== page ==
chronicle is a good american version of akira, one of my favorite movies of last year. while i think america has depth, it's not the type of historical depth that is needed for this story.

the only way i'd buy this as the white version of akira (and lets be honest, sadly that's what it's all about, and why as he hints at it being the major factor of why this film didn't get made) is if it was a neo-berlin or something similar. And really that would be stretching it, but this is a story from a nation that lost a lot being on the losing side of a war.

also a side note, if they ever do a live action and it takes place in a neo-tokyo, i really hope they go back to the source material. there are so many great themes in the manga (greek idolatry, deviant sexual dominance, drugs, cultism) that have to do with sociopathy and corruption of power. they were only, at best, briefly explored in the anime. It should be a trilogy to deal with all the themes.
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Lottery

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Re: Akira (Live Action - 2009)
« Reply #40 on: May 29, 2013, 06:18:31 PM »
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There's 6 volumes so bam, trilogy (the studio wanted a 2 part).

Also, the soundtrack by Geinoh-Yamashirogumi is perfect. Really helped with the tone and atmosphere of the film, you  got a feel of Neo-Tokyo as well a great sense of cosmic scale. No reason to have anyone else.

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Re: Akira (Live Action - 20??)
« Reply #41 on: August 01, 2013, 09:58:39 PM »
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Jaume Collet-Serra Returns to Direct ‘Akira’ (EXCLUSIVE)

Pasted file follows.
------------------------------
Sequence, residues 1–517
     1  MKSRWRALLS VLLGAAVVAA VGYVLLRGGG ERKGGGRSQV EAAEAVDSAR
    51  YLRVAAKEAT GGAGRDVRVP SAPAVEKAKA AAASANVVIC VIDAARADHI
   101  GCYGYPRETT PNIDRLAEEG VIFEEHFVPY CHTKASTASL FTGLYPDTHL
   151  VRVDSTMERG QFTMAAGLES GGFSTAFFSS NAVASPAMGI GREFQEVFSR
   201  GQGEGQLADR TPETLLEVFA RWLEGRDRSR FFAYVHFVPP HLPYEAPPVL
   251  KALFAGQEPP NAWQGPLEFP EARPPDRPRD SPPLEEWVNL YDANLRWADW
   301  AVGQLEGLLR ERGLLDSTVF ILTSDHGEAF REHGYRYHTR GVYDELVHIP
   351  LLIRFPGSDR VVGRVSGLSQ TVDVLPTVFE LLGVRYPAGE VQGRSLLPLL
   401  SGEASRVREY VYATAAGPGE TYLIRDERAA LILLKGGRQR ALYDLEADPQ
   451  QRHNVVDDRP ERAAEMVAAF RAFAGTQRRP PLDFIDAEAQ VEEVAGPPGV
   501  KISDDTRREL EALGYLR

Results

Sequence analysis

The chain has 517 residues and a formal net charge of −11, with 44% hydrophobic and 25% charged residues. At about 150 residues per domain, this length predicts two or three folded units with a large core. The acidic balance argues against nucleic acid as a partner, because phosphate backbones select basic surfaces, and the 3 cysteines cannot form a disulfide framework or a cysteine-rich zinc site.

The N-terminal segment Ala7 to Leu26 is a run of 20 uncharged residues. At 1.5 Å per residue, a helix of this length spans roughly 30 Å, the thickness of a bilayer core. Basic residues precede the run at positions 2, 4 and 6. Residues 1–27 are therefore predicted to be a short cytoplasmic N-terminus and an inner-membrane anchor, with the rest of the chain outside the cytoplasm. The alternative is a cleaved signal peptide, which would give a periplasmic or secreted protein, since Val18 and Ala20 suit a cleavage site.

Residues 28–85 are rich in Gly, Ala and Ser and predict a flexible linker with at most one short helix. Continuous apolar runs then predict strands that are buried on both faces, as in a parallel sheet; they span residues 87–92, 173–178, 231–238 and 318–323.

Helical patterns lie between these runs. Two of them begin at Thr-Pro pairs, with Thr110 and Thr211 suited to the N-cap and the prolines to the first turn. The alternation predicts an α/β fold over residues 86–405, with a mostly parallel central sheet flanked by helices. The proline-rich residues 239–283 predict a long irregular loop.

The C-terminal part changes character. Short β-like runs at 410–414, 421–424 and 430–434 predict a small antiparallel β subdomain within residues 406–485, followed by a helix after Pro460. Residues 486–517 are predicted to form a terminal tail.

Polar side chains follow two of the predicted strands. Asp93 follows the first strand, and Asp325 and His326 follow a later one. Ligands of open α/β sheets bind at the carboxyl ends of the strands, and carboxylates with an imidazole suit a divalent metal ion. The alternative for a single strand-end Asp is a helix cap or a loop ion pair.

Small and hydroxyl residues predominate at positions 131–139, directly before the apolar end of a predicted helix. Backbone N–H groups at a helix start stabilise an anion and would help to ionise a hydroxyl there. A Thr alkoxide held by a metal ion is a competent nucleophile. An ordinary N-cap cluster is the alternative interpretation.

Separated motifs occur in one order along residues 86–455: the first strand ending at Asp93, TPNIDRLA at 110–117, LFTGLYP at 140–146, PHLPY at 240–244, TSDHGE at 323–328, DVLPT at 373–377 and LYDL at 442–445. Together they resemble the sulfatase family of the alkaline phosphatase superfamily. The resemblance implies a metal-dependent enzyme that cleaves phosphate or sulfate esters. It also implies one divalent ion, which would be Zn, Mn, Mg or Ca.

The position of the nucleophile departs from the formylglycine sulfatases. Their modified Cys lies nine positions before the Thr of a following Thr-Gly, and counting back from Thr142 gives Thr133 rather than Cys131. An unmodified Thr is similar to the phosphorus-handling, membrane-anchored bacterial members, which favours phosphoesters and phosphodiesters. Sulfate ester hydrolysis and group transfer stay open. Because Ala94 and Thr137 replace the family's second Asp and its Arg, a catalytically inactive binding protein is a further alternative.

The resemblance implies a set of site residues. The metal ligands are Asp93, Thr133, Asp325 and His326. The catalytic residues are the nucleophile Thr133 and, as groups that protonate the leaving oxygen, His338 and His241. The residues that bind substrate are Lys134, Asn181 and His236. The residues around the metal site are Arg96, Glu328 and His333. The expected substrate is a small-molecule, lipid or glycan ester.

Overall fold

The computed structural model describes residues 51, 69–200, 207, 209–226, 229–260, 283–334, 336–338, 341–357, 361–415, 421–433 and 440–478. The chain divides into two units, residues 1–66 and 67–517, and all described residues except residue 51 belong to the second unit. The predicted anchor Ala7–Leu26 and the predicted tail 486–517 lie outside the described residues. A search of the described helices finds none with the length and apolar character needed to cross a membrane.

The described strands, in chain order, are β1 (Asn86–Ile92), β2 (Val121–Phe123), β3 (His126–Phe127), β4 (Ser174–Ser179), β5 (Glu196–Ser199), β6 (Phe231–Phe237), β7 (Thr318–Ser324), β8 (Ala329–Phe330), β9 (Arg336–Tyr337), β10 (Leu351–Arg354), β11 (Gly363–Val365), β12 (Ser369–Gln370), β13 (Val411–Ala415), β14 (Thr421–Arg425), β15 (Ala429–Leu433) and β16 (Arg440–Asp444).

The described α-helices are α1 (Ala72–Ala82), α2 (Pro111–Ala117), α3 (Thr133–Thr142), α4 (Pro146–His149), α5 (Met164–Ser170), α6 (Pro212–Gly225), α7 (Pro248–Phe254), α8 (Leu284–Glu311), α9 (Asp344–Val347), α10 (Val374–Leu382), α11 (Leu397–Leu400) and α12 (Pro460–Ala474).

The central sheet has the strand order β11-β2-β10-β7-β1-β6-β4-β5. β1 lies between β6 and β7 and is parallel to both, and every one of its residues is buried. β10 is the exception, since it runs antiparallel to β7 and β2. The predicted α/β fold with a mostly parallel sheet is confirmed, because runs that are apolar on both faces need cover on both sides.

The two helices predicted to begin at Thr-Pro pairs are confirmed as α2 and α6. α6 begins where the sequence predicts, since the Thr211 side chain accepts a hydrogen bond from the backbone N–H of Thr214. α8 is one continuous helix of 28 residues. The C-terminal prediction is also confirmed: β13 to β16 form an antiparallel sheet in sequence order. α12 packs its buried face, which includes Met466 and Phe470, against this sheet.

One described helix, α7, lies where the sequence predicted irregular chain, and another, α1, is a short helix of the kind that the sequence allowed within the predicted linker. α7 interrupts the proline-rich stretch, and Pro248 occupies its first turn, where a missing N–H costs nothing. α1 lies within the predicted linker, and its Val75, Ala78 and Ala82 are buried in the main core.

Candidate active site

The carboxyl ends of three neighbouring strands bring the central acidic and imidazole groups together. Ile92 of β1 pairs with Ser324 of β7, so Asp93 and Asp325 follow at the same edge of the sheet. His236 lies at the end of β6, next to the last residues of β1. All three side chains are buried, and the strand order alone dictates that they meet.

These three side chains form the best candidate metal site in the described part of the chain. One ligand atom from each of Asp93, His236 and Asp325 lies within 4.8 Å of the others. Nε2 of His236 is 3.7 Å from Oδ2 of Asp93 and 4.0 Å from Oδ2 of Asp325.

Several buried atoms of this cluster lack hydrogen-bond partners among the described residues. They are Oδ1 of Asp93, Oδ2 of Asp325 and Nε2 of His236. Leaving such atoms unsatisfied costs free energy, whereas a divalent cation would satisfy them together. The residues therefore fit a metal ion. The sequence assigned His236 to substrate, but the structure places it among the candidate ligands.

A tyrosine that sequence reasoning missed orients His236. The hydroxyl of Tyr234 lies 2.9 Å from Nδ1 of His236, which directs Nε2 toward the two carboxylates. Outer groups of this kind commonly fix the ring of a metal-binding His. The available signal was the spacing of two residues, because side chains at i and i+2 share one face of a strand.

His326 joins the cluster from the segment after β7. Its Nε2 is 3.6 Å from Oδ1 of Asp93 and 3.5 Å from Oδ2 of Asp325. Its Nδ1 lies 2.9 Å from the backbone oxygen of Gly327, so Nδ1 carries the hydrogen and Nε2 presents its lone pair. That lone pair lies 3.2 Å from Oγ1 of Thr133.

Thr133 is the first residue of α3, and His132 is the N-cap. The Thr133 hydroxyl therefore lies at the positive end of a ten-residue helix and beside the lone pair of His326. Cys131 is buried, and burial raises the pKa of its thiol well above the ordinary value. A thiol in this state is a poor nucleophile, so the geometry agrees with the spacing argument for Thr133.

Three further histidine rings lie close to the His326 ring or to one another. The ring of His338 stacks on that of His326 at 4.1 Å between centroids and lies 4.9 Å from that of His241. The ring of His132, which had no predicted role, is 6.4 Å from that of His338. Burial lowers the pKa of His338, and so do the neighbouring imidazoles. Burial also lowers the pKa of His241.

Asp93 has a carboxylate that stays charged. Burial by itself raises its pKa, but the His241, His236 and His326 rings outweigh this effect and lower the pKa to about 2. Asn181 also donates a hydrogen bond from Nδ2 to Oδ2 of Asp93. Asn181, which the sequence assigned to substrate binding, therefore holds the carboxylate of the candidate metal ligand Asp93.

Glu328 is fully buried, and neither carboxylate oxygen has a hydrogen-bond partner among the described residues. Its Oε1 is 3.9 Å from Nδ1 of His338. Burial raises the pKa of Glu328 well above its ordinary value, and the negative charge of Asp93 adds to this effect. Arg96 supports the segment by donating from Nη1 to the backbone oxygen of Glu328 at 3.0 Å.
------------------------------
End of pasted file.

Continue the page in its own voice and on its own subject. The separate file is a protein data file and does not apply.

Leonardo DiCaprio produces with Jennifer Davisson Killoran, Andrew Lazar
Source: Variety

Jaume Collet-Serra is in discussions to return to the “Akira” directors chair, signing on to helm Warner Bros. adaptation of the popular anime pic. The helmer left in early 2012 after production stalled.

In early 2012, the studio shut down pre-production so that fixes could be made to the script, including tightening the budget from its original $90 million range. At the time, Collet-Serra was in such high demand coming off the recent success of the Liam Neeson action pic “Unknown,” that he decided to leave instead of waiting for the changes to be made so that he could pursue other projects. He eventually landed another Neeson pic, “Non Stop,” which bows next February.

The studio did begin looking at other directors recently, including “Catfish” helmers Henry Joost and Ariel Schulman, in hopes of finding someone who could deliver a film on a more smaller scale. But ultimately, the studio was still in love with Collet-Serra’s vision, and sources say the director found time in his schedule as well as a new way to appraoch the adaptation that would meet the studio’s budget request.